By Dr. Beth Leermakers
While you’re thinking about your new year’s resolutions, consider what you can do to improve your pet’s health and well-being. Instead of making several changes at once, focus on one behavior or action step at a time. Here are a few suggestions:
Check their ID. Too many pets that wind up in shelters don’t have any identification. Microchipping your cat or dog greatly increases your chances of getting her back if she goes missing. All dogs and cats in the City of Dallas must be microchipped. Microchips are available through your veterinarian (expect to pay at least $25) or at Spay Neuter Network (spayneuternet.org, $16.50 for a microchip). If your pet is already chipped, update your contact information if it has changed. Be sure your pets are also wearing ID tags. If your dog (or cat) loses her dangling tags, try the slide-on ID tag that slips over the collar.
Visit the vet. Although you may be tempted to skip your pet’s annual checkup if he’s not due for his rabies and other vaccines, that’s not wise. Your dog needs an annual heartworm test and heartworm preventatives, and catching health problems early is the best approach. If your pet is overweight, take steps now to help him lose weight.
Get your cat used to her carrier before it’s time to head for the vet clinic. If your dog is fearful, get him used to wearing a muzzle so you can keep everyone safe during that stressful exam. I was very glad I had muzzle conditioned Gucci (who is very fearful of new people) before I had to take him to the vet for emergency wound care. That visit would have been even more traumatic if my dog had been resisting the muzzle.
Be prepared for emergencies. Keep a copy of your pet’s current vaccination records in your car, in case you have to leave home quickly. Pack an evacuation bag with bowls, food, medication and other essential items. Purchase or assemble a pet first aid kit, including gauze, veterinary wrap, plastic bags, hydrogen peroxide and alcohol swabs, styptic powder or cornstarch for small cuts or bleeding toenails, eyewash, antibacterial ointment, scissors and tweezers. Carry a Pet Alert card notifying emergency personnel that your pet needs care if you wind up unconscious in the hospital. Put decals on your windows, alerting fire fighters that your animals need to be rescued.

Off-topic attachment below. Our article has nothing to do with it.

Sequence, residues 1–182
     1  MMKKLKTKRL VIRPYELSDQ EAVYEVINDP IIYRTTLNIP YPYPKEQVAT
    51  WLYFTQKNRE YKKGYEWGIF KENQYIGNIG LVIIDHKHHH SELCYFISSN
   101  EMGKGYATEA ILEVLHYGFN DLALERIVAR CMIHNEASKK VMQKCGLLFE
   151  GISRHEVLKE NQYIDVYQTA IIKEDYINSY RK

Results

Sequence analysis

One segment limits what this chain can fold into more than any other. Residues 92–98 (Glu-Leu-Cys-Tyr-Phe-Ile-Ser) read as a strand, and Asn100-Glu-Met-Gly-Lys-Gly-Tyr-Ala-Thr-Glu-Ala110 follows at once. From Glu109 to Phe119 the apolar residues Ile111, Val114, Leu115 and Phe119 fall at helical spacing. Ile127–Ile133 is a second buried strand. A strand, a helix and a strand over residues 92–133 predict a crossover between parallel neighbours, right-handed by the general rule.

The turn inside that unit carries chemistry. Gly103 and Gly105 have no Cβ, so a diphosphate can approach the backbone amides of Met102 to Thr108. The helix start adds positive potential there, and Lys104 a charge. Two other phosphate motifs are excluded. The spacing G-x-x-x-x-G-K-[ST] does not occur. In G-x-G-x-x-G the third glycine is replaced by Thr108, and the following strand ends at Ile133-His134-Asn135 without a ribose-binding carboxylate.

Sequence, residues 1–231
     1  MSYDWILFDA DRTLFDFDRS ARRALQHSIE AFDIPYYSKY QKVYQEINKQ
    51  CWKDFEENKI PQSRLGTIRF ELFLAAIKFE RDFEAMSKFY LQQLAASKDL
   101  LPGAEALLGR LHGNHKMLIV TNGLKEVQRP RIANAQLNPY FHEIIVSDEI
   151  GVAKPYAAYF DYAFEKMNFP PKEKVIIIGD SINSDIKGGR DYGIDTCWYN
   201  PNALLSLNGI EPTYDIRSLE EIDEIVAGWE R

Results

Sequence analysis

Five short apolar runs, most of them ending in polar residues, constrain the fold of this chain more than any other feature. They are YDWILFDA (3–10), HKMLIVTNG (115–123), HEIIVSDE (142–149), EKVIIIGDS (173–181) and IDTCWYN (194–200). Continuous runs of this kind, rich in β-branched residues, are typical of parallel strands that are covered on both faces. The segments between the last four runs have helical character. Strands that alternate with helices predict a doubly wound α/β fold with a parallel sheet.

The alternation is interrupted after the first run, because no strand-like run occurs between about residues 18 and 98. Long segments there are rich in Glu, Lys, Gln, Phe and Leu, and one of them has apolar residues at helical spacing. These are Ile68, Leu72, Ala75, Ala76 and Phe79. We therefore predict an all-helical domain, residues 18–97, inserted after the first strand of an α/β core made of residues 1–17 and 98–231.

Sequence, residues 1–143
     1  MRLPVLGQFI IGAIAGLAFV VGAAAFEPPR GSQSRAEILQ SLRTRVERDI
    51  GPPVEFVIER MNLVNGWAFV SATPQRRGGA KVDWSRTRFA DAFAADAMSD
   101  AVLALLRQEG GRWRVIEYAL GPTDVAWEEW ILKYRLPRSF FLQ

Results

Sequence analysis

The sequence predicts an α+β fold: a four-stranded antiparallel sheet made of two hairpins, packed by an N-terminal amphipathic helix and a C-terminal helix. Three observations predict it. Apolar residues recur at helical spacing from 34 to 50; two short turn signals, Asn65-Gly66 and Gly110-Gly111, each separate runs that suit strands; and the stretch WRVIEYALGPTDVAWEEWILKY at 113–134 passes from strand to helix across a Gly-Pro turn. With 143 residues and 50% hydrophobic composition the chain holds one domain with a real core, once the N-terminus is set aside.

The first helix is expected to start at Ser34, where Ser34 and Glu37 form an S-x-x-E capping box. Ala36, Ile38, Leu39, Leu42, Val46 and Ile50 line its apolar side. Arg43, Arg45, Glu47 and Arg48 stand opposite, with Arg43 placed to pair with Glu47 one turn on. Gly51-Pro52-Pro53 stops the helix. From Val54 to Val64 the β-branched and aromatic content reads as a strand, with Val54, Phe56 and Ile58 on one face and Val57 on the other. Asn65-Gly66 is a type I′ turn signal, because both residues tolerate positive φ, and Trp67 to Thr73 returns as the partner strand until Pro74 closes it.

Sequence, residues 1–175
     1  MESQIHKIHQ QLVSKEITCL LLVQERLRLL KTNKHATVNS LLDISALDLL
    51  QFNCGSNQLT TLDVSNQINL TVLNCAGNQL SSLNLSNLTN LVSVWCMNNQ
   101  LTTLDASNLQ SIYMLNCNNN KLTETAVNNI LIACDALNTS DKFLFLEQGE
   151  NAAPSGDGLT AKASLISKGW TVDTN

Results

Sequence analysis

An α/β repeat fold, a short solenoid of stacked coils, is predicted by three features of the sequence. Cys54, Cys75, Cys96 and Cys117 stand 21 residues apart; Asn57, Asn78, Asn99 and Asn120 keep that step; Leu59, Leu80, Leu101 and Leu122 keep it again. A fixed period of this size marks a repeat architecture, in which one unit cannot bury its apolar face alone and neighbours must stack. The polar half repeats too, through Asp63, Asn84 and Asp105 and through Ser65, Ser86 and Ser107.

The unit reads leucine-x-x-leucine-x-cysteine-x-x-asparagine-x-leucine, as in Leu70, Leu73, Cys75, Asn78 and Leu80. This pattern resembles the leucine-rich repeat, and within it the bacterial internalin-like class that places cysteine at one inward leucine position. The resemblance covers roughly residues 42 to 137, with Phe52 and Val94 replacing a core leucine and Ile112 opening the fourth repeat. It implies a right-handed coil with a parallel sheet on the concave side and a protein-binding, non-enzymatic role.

Go on a Sniffari. When I walk my dogs, I’m usually in a hurry to get it done quickly so I can get to work on time. I discourage my dogs from sniffing every bush along our route. Sniffing, however, is very important for dogs, whose sense of smell is one of the best in the animal kingdom. Dogs have 300 million olfactory receptors (people have about 5 million), and sniffing is the primary way dogs gather information about their world. When dogs sniff, their heart rate goes down, suggesting that sniffing has a calming, self-soothing effect on them. Sniffing may help reduce stress and anxiety. Sniffing also releases dopamine, the feel-good hormone. Bottom line: sniffing feels good.
Take your dog on a decompression walk (i.e., a “sniffari”) once or twice a week (or more often if you have time) to let your dog slow down and smell the dandelions. Go somewhere uncrowded (perhaps a big field or park) and use a long line — a leash that is 10 feet or longer — to give your dog more freedom to sniff and explore her world. Do NOT use a retractable leash, which can be dangerous for dogs and people.
Play with your cat. Play time — particularly games that simulate hunting — is important to give cats exercise and keep them from becoming bored and destructive. Aim for four 10-minute play sessions per day, using interactive toys (e.g., a feather wand or fishing pole teaser toy) that let your cat hunt for and grab onto something.
Try something new. If your dog is athletic and gets bored easily, try a new activity such as herding, fly ball, lure coursing, agility, frisbee or dock diving. Or find a new park or hiking trail for a change of scenery. Adventures are a great way to bond with your dog and make you both smile.
Write a bucket list for your senior pet. Think about what your senior pet wants to do before she crosses the Rainbow Bridge. Your pup may want to spend time at the beach, stroll at the lake, or enjoy a puppaccino. I’m not sure what your cat would enjoy — perhaps watching birds in a safe place. You can bring joy to your pet in her last months by planning and engaging in her favorite activities.
Help homeless animals. Animal shelters and rescue groups need volunteers to help in a variety of ways. You could photograph the animals to help them get adopted, walk or run with energetic shelter dogs, socialize cats, transport animals from the shelter to a vet clinic or foster home, foster a cat or dog (for a few days or until adopted), and/or help with adoption events. Visit bedallas90.org/home/volunteer-opportunities/ for information about the D90 Dog Runners and D90 Dog Strollers (walkers) at Dallas Animal Services. Visit garlandtx.gov/3873/Volunteer-Programs for information about running with the Garland shelter dogs.
If you can’t volunteer (or even if you can), you can help by donating money or supplies such as newspapers, used blankets and towels, cleaning supplies (e.g., bleach and laundry detergent), cat and dog toys, treats and other items. Some shelters can’t accept pet food donations because they receive their food from a sponsor. Check the shelter’s wish list or call/email them to ask what they need.
Have fun with your pets, and Happy New Year!